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Exercise For Older People

Staying fit and healthy has enormous benefits for all ages but particularly for the elderly, as being active is an integral part of maintaining your health. Staying fit can reduce the risk of many diseases and ailments, such as the risk of heart disease and diabetes. Even simple movements built into your daily routine can improve an individual’s balance and muscle strength reducing their risk of falls. In addition to this, some studies, have linked physical activity with improved cognitive performance and reduced risk for Alzheimer’s disease.

Daily activity can help boost an individual’s mood, as when you exercise, your body releases feel-good chemicals. Activity doesn’t have to be a chore it can be lots of fun, you can use it as an opportunity to catch up with friends and family walking a local park, or even make a new friend at a local gym or pool.

Of course, there are challenges to staying fit and healthy, as we age, it can be hard to get out and about, and mobility can also be an issue. With the coronavirus pandemic, the opportunities for exercise has also been reduced with many classes and facilities not running. But it is possible to create an exercise routine that is easy to follow, safe and a bit of fun to do at home with no special equipment.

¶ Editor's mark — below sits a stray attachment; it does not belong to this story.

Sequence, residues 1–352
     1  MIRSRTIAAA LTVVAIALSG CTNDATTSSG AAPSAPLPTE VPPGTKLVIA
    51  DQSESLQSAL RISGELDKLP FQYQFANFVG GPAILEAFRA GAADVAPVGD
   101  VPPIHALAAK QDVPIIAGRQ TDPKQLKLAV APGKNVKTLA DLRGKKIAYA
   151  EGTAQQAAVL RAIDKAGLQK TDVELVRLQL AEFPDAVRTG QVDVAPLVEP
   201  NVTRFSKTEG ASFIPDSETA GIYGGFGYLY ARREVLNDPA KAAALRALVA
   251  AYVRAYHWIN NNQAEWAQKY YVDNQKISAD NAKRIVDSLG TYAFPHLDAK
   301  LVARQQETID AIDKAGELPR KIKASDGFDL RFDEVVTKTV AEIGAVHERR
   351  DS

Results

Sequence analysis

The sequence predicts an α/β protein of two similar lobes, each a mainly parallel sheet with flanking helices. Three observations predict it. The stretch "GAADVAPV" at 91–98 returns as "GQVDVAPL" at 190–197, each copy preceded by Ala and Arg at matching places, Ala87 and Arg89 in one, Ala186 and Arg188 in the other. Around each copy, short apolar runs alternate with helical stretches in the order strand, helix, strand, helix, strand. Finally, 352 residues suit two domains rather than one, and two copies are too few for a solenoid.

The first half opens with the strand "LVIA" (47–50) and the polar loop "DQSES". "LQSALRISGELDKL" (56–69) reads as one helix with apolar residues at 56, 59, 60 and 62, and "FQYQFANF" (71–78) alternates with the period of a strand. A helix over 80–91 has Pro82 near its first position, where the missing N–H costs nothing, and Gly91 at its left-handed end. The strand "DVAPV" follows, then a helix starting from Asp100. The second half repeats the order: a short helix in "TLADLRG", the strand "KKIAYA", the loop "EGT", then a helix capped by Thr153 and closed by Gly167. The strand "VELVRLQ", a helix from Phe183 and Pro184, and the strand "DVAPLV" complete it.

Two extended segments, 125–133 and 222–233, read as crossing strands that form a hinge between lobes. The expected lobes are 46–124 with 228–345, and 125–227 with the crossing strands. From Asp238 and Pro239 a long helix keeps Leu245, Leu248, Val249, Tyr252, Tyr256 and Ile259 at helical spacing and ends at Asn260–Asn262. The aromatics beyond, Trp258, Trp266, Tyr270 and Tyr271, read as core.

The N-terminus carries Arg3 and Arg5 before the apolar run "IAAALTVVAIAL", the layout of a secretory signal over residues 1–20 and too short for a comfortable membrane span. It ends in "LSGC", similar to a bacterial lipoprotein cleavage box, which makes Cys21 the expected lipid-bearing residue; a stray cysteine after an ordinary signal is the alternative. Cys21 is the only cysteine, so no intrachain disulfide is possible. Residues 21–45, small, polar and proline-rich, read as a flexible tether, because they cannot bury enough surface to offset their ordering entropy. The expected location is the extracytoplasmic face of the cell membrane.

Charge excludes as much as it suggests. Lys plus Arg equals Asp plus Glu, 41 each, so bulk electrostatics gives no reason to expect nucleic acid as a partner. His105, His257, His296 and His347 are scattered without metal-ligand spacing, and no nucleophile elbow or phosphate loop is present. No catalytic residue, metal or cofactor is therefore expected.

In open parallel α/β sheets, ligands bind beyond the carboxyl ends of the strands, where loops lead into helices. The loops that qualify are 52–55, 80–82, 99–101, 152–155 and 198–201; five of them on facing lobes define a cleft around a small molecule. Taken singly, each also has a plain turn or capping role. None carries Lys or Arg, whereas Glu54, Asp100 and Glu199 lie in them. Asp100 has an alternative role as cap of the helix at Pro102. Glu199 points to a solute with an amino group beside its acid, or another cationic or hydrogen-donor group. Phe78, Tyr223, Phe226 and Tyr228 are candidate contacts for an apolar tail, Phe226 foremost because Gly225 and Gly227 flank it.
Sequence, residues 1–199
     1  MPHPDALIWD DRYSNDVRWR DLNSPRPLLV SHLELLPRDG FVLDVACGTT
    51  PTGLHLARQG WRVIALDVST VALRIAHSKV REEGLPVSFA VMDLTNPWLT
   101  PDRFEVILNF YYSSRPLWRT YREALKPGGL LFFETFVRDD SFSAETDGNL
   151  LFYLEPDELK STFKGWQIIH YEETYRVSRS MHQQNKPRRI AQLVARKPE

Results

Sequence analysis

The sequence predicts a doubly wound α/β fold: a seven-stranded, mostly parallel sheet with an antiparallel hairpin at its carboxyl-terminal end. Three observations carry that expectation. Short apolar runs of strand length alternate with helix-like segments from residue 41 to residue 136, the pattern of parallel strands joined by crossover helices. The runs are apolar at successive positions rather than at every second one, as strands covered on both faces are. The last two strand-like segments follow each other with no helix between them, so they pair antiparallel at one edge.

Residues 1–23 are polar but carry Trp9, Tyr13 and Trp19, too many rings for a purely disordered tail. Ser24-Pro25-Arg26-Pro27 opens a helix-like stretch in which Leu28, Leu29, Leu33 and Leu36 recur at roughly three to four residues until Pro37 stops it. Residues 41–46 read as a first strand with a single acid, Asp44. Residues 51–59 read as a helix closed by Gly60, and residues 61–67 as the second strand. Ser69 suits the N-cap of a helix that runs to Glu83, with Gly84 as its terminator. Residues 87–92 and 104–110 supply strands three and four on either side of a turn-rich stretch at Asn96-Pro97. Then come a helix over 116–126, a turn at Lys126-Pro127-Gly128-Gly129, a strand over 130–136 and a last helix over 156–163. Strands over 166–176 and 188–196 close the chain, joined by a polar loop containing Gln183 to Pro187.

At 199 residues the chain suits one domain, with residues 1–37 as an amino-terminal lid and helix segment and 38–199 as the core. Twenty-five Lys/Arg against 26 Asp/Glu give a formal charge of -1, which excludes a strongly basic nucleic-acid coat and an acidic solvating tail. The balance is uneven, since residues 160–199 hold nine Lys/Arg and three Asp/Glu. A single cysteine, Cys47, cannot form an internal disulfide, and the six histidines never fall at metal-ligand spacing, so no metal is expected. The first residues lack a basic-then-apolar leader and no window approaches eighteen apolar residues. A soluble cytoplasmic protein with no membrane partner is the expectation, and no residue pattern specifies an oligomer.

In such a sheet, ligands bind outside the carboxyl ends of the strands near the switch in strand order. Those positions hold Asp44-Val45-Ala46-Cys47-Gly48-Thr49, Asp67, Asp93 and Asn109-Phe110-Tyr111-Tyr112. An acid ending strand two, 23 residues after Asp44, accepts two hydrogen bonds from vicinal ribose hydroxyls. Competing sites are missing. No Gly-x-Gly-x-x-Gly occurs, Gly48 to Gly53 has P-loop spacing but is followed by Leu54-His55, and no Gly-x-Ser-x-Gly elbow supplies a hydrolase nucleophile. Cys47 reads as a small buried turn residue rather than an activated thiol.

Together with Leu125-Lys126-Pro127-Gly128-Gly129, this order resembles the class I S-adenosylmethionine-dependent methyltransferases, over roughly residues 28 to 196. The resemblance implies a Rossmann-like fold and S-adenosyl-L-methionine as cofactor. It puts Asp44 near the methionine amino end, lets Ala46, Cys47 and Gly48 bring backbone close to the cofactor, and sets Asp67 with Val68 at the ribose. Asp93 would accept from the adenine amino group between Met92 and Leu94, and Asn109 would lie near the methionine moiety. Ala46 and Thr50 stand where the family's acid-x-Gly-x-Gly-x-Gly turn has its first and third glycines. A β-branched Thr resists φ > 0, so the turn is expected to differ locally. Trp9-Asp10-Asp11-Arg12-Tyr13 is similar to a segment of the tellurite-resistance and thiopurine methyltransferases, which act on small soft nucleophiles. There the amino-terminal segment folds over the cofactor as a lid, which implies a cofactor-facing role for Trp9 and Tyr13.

To improve health, you should aim to be as active as possible throughout the day. Any type of activity is good, whether it is walking, doing household chores or going to the gym.

The NHS recommends that adults over 65 should aim for at least 150 minutes of moderate-intensity activity each week or 75 minutes of vigorous-intensity activity if you are already active. You can, of course, do a combination of moderate and vigorous activity.

What type of exercise should older people do?

You should try to do a mixture of additional light activity, aerobic activity and muscle-strengthening exercises each week.

Light Activity

Incorporating more light activity into your routine is an excellent place to start if you are currently inactive. You should aim to break up periods of sitting or lying down with regular periods of activity.

Walking around your home or garden at a slow pace or doing chores such as dusting or vacuuming all count as light activity.

Moderate Intensity Activity

You should aim for 150 minutes of moderate activity on top of being generally more active. This type of activity will raise your heart rate and make you breathe faster. You know you have got the right level if you can still have a conversation with someone but are too breathless to sing.

Brisk walking is an excellent way to get some moderate exercise. You could also try swimming, dancing, or using an exercise bike.

Vigorous Intensity Activity

If you are already quite fit and active, you can add some vigorous activity to your routine. When you exercise vigorously, you will breathe hard and fast and be too out of breath to say more than a few words at a time.

If you add vigorous activity to your routine, you will only need to do 75 minutes to achieve similar health benefits to 150 minutes of moderate-intensity activity.

Jogging and running are good examples of vigorous-intensity exercise. Activities such as swimming, dancing and cycling can be vigorous if you do them fast enough. Other vigorous activities include team sports such as football, aerobic routines or using exercise machines at a higher setting.